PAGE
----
Your baby's waiting to greet the world! He continues to build a layer of fat to help control his body temperature after birth, but it's likely he already measures about 20 inches and weighs a bit over 7 pounds, about the size of a mini-watermelon. (Boys tend to be slightly heavier than girls.) The outer layers of his skin are sloughing off as new skin forms underneath.
Currently he gets his oxygen and nutritional requirements from you, via the placenta, and, and although he practises breathing – inhaling and exhaling amniotic fluid, he does not use his lungs for oxygen transfer as they are filled with water.
At each of your now-weekly visits, your doctor will do an abdominal exam to check your baby's growth and position. He might also do an internal exam to see whether your cervix has started ripening: softening, effacing (thinning out), and dilating (opening). But even armed with this information, there's still no way for your doctor to predict exactly when your baby is coming. If you go past your due date, your doctor will schedule you for fetal testing after 40 weeks to ensure that it's safe to continue the pregnancy.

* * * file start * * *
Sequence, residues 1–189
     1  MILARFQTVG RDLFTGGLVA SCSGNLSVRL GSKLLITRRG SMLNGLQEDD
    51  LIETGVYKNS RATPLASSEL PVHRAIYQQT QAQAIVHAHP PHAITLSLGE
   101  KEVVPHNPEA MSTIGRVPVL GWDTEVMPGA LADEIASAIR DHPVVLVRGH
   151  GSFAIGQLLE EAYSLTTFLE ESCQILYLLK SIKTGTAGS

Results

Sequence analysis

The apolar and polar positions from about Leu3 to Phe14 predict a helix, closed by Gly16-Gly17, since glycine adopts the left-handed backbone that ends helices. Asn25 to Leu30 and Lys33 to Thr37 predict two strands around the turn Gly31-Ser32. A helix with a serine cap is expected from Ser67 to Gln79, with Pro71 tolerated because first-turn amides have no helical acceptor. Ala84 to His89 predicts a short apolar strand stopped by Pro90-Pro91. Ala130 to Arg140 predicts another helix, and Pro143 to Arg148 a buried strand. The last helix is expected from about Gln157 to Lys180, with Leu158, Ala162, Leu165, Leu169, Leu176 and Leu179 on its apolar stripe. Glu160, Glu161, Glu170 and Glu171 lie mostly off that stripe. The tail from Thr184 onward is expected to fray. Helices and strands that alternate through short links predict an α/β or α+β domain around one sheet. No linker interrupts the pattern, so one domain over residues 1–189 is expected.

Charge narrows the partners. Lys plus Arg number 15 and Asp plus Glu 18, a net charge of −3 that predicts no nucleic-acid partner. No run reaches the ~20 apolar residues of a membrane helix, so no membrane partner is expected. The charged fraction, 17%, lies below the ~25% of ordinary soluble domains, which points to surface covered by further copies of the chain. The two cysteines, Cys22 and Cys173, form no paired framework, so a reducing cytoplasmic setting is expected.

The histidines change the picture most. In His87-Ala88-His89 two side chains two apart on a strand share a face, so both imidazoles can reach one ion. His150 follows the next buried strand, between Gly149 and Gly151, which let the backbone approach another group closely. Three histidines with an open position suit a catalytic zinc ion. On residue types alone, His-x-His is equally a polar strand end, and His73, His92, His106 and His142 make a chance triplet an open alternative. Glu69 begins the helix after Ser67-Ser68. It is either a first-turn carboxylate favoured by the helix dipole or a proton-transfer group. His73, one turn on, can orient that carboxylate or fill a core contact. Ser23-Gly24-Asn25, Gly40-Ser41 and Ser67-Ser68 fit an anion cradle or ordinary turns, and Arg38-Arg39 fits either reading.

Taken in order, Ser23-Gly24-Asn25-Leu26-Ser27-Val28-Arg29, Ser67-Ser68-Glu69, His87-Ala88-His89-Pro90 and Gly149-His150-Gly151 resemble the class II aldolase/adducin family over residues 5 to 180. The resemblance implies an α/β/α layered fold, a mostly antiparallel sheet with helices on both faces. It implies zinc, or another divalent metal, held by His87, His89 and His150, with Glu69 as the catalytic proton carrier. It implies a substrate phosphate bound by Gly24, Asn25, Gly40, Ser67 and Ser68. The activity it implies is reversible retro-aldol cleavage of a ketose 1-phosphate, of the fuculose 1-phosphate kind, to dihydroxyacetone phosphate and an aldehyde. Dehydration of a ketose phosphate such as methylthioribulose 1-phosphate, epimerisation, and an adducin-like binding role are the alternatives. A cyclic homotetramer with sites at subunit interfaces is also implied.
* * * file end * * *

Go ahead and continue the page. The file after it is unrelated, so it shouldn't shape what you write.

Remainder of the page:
If you don't go into labour on your own, most practitioners will induce labour when you're between one and two weeks overdue — or sooner if there's an indication that the risk of waiting is greater than the risks of delivering your baby without further delay.
While you're waiting, it's important to continue to pay attention to your baby's movements and let your caregiver know right away if they seem to decrease. Your baby should remain active right up to delivery, and a noticeable slowdown in activity could be a sign of a problem. Also call if you think your water may have broken. Membranes rupture before the beginning of labor in about 8% of term pregnancies. Sometimes there's a big gush of fluid, but sometimes there's only a small gush or a slow leak.